# Data Select - 2021.2 English

## AI Engine Kernel Coding Best Practices Guide (UG1079)

Document ID
UG1079
Release Date
2021-11-10
Version
2021.2 English

The select intrinsic selects between the first set of lanes or the second one according to the value of the select parameter. If the lane corresponding bit in select is zero, it returns the value in the first set of lanes. If the bit is one, it returns the value in the second set of lanes. For example, a select16 intrinsic function has the following function prototype.

v16int32 select16	(	unsigned int 	select,
v16int32 	xbuff,
int 	xstart,
unsigned int 	xoffsets,
unsigned int 	xoffsets_hi,
v16int32 	ybuff,
int 	ystart,
unsigned int 	yoffsets,
unsigned int 	yoffsets_hi
)

For each bit of select (from low to high), it will select a lane either from xbuff (if the select parameter bit is 0) or from ybuff (if the select parameter bit is 1). Data permute on the resulting lane of xbuff or ybuff is achieved by a shuffle with corresponding bits in xoffsets or yoffsets. Following is the pseudo C-style code for select.

for (int i = 0; i < 16; i++){
idx = f( xstart, xoffsets[i]); //i'th 4 bits of offsets
idy = f( ystart, yoffsets[i]);
o[i] = select[i] ? y[idy]:x[idx];
}

For information about how f works in previous code, refer to the regular lane selection scheme equation listed at the beginning of this section.

When working on the int16 data type, the select intrinsic has an additional xsquare parameter which allows a further 16-bit granularity mini permute after main permute. For example, a select32 intrinsic function has the following function prototype.

v32int16 select32	(	unsigned int 	select,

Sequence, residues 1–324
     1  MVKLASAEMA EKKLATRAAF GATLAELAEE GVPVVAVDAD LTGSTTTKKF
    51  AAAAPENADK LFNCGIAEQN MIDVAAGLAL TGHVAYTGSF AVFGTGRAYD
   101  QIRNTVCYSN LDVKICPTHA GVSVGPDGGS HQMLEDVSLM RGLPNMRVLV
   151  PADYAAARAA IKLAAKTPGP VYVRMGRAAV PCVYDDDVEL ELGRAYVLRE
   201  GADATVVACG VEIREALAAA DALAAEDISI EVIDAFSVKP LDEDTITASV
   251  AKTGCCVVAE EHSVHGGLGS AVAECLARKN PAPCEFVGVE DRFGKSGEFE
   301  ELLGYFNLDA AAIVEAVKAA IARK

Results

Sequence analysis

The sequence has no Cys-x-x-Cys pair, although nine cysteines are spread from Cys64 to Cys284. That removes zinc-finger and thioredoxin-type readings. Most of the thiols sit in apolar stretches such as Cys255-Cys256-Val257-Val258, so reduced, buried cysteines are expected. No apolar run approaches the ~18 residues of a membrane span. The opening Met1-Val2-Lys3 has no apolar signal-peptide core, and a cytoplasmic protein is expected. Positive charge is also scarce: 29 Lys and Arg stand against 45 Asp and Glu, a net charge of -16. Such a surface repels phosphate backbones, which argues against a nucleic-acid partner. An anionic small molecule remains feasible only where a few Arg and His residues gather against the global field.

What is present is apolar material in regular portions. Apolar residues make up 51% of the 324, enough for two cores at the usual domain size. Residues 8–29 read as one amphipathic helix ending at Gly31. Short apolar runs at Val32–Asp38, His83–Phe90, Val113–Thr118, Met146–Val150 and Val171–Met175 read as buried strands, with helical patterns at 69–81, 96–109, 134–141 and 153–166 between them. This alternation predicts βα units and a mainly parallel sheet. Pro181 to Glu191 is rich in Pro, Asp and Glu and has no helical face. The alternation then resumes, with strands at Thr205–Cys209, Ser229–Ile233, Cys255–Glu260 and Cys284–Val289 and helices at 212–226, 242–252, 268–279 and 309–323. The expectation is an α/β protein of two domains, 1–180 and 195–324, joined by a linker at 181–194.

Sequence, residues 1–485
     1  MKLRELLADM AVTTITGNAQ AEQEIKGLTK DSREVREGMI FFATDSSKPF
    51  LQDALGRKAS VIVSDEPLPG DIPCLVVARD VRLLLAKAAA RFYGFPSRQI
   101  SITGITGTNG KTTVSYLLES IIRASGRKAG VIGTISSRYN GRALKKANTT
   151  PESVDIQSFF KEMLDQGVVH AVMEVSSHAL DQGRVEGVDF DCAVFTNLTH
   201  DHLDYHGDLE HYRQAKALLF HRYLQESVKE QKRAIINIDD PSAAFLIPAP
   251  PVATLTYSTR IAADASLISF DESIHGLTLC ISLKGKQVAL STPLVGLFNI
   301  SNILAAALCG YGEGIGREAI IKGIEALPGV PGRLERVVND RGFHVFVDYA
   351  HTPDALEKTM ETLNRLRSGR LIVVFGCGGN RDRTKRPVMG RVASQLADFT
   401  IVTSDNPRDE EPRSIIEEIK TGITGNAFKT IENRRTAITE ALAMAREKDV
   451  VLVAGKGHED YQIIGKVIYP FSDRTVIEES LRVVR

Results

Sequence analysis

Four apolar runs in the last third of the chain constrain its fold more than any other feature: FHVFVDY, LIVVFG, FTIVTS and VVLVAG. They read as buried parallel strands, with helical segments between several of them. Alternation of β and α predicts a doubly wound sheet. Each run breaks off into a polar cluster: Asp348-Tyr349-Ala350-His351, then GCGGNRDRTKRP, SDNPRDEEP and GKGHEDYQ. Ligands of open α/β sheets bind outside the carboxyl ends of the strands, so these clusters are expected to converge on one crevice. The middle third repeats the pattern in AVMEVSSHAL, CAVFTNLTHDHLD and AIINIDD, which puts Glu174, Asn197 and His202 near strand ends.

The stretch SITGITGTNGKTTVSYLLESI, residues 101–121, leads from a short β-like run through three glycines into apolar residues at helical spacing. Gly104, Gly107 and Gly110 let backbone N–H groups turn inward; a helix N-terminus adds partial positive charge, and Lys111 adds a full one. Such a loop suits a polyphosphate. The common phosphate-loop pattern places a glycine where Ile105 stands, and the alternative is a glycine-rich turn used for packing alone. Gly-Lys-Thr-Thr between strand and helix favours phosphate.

v64int16 	xbuff,
int 	xstart,
unsigned int 	xoffsets,
unsigned int 	xoffsets_hi,
unsigned int 	xsquare,
int 	ystart,
unsigned int 	yoffsets,
unsigned int 	yoffsets_hi,
unsigned int 	ysquare
)

Following is the pseudo C-style code for select.

for (int i = 0; i < 32; i++){
idx = f( xstart, xoffsets[i], xsquare);
idy = f( ystart, yoffsets[i], ysquare);
o[i] = select[i] ? y[idy]:x[idx];
}

The following example uses select32 to interleave first 16 elements of A and B (A first).

int16 A[32]={0,1,2,3,4,5,6,7,8,9,10,11,12,13,14,15,
16,17,18,19,20,21,22,23,24,25,26,27,28,29,30,31
};
int16 B[32]={32,33,34,35,36,37,38,39,40,41,42,43,44,45,46,47,
48,49,50,51,52,53,54,55,56,57,58,59,60,61,62,63
};
v32int16 *pA=(v32int16*)A;
v32int16 *pB=(v32int16*)B;
v32int16 C = select32(0xAAAAAAAA, concat(*pA,*pB),
0, 0x03020100, 0x07060504, 0x1100,
32, 0x03020100, 0x07060504, 0x1100);

The output C for the previous code is as follows.

{0,32,1,33,2,34,3,35,4,36,5,37,6,38,7,39,8,40,9,41,10,42,11,43,12,44,13,45,14,46,15,47
}

This can also be done using the shuffle32 intrinsic.

v32int16 C = shuffle32(concat(*pA,*pB),
0, 0xF3F2F1F0, 0xF7F6F5F4, 0x3120);

The following figure shows how the previous select32 intrinsic works.

Figure 1. Data Select on int16 Type